As Lily Briscoe suffers through Charles Tansley¶s boorish opinions about women and art, she reflects that human relations are worst between men and women. Indeed, given the extremely opposite ways in which men and women behave throughout the novel, this difficulty is no wonder. The dynamic between the sexes is best understood by considering the behavior of Mr. and Mrs. Ramsay. Their constant conflict has less to do with divergent philosophies²indeed, they both acknowledge and are motivated by the same fear of mortality²than with the way they process that fear. Men, Mrs. Ramsay reflects in the opening pages of the novel, bow to it. Given her rather traditional notions of gender roles, she excuses her husband¶s behavior as inevitable, asking how men can be expected to settle the political and economic business of nations and not suffer doubts. This understanding attitude places on women the responsibility for soothing men¶s damaged egos and achieving some kind of harmony (even if temporary) with them. Lily Briscoe,
who as a -single woman represents a social order more radial and lenient than Mrs. Ramsay¶s, resists this duty but ultimately caves in to it.
In ³Time Passes,´ brackets surround the few sentences recounting the deaths of Prue and Andrew Ramsay, while in ³The Lighthouse,´ brackets surround the sentences comprising Chapter VI. Each set of sentences in brackets in the earlier section contains violence, death, and the destruction of potential; the short, stabbing accounts accentuate the brutality of these events. But in Chapter VI of ³The Lighthouse,´ the purpose of the brackets changes from indicating violence and death to violence and potential survival. Whereas in ³Time Passes,´ the brackets surround Prue¶s death in childbirth and Andrew¶s perishing in war, in ³The Lighthouse´ they surround the ³mutilated´ but ³alive still´ body of a fish.
Symbols Symbols are objects, characters, figures, or colors used to represent abstract ideas or concepts. The Lighthouse
Lying across the bay and meaning something different and intimately personal to each character, the lighthouse is at once inaccessible, illuminating, and infinitely interpretable. As the destination from which the novel takes its title, the lighthouse suggests that the destinations that seem surest are most unobtainable. Just as Mr. Ramsay is certain of his wife¶s love for him and aims to hear her speak words to that end in ³The Window,´ Mrs. Ramsay finds these words impossible to say. These failed attempts to arrive at some sort of solid ground, like Lily¶s first try at painting Mrs. Ramsay or Mrs. Ramsay¶s attempt to see Paul and Minta married, result only in more attempts, further excursions rather than rest. The lighthouse stands as a potent symbol of this lack of attainability. James arrives only to realize that it is not at all the mist-shrouded destination of his childhood. Instead, he is made to reconcile two competing and contradictory images of the tower²how it appeared to him when he was a boy and how it appears to him now that he is a man. He decides that both of these images contribute to the essence of the lighthouse²that nothing is ever only one thing²a sentiment that echoes the novel¶s determination to arrive at truth through varied and contradictory vantage points.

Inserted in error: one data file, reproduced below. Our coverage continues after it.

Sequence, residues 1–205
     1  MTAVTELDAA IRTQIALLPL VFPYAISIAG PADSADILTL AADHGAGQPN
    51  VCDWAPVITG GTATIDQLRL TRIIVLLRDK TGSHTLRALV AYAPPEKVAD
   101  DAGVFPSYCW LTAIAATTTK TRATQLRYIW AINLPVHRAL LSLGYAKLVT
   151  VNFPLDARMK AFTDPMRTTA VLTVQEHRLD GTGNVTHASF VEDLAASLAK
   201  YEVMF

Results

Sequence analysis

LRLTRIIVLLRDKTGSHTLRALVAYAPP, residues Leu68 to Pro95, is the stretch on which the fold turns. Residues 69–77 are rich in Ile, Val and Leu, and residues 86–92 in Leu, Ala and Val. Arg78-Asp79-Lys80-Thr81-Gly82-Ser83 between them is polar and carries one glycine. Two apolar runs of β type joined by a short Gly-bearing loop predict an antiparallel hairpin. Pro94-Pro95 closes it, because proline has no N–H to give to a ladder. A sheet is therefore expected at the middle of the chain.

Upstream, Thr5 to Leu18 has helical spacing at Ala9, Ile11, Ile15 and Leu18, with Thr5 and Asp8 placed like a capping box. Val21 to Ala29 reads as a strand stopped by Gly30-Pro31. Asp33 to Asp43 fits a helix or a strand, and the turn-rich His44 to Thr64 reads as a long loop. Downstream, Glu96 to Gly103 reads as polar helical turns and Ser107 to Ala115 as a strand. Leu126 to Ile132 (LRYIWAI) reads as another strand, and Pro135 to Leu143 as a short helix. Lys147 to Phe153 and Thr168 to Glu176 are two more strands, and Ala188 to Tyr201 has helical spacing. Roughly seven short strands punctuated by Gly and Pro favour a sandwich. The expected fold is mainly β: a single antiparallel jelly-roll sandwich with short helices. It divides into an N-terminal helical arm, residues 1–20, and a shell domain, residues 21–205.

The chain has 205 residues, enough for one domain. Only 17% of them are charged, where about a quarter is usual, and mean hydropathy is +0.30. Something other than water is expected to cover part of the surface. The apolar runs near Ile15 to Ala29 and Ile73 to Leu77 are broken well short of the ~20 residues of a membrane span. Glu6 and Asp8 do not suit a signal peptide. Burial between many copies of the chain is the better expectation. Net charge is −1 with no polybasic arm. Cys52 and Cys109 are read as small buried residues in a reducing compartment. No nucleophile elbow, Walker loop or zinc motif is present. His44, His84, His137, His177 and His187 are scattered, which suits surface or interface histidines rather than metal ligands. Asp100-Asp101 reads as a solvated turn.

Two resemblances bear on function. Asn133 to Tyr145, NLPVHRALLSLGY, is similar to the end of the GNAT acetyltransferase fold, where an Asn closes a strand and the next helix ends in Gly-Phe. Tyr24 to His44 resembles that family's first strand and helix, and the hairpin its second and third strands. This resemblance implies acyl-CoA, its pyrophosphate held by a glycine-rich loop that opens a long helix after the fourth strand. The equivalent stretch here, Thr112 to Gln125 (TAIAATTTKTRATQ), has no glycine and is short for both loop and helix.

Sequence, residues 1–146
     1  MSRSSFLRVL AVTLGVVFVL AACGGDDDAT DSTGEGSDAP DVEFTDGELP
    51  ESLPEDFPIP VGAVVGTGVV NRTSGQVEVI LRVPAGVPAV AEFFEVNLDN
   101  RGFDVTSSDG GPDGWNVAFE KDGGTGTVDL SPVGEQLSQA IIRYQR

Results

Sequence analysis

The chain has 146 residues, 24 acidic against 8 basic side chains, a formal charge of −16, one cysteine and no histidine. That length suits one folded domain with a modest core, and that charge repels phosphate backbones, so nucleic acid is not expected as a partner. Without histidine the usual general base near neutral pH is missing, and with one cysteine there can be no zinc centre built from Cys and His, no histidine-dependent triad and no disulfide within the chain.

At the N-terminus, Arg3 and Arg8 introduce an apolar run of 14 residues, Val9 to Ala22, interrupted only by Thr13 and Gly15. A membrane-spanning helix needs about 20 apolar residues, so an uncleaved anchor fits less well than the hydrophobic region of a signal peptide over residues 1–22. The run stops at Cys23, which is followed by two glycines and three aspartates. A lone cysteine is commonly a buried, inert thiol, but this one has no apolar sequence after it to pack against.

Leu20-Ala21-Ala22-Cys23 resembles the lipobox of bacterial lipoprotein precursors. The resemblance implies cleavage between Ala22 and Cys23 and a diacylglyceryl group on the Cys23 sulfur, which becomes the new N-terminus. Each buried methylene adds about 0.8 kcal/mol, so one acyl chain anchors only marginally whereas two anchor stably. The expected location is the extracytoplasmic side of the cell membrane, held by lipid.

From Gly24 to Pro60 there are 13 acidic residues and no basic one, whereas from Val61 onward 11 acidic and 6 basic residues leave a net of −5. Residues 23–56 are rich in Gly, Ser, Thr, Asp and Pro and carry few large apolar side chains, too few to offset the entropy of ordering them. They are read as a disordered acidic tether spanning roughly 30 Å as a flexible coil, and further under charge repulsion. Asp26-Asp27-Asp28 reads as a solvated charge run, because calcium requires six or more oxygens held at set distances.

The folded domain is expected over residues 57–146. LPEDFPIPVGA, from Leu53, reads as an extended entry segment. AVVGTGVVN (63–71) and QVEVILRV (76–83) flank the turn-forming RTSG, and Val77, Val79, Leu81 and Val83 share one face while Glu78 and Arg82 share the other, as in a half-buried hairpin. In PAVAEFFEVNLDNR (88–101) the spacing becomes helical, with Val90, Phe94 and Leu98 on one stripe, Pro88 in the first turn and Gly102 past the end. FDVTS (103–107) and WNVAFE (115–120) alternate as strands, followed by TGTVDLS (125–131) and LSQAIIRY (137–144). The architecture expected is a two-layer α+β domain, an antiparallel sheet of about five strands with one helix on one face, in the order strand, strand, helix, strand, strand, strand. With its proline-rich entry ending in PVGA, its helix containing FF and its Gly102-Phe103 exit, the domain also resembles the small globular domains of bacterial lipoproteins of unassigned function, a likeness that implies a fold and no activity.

Lily s Painting
Lily¶s painting represents a struggle against gender convention, represented by Charles Tansley¶s statement that women can¶t paint or write. Lily¶s desire to express Mrs. Ramsay¶s essence as a wife and mother in the painting mimics the impulse among modern women to know and understand intimately the gendered experiences of the women who came before them. Lily¶s composition attempts to discover and comprehend Mrs. Ramsay¶s beauty just as Woolf¶s construction of Mrs. Ramsay¶s character reflects her attempts to access and portray her own mother. The painting also represents dedication to a feminine artistic vision, expressed through Lily¶s anxiety over showing it to William Bankes. In deciding that completing the painting regardless of what happens to it is the most important thing, Lily makes the choice to establish her own
artistic voice. In the end, she decides that her vision depends on balance and synthesis: how to bring together disparate things in harmony. In this respect, her project mirrors Woolf¶s writing, which synthesizes the perceptions of her many characters to come to a balanced and truthful portrait of the world.
The Ramsays House
The Ramsays¶ house is a stage where Woolf and her characters explain their beliefs and observations. During her dinner party, Mrs. Ramsay sees her house display her own inner notions of shabbiness and her inability to preserve beauty. In the ³Time Passes´ section, the ravages of war and destruction and the passage of time are reflected in the condition of the house rather than in the emotional development or observable aging of the characters. The house stands in for the collective consciousness of those who stay in it. At times the characters long to escape it, while at other times it serves as refuge. From the dinner party to the journey to the lighthouse, Woolf shows the house from every angle, and its structure and contents mirror the interior of the characters who inhabit it.
References to the sea appear throughout the novel. Broadly, the ever-changing, ever-moving waves parallel the constant forward movement of time and the changes it brings. Woolf describes the sea lovingly and beautifully, but her most evocative depictions of it point to its violence. As a force that brings destruction, has the power to decimate islands, and, as Mr. Ramsay reflects, ³eats away the ground we stand on,´ the sea is a powerful reminder of the impermanence and delicacy of human life and accomplishments.
The Boar s Skull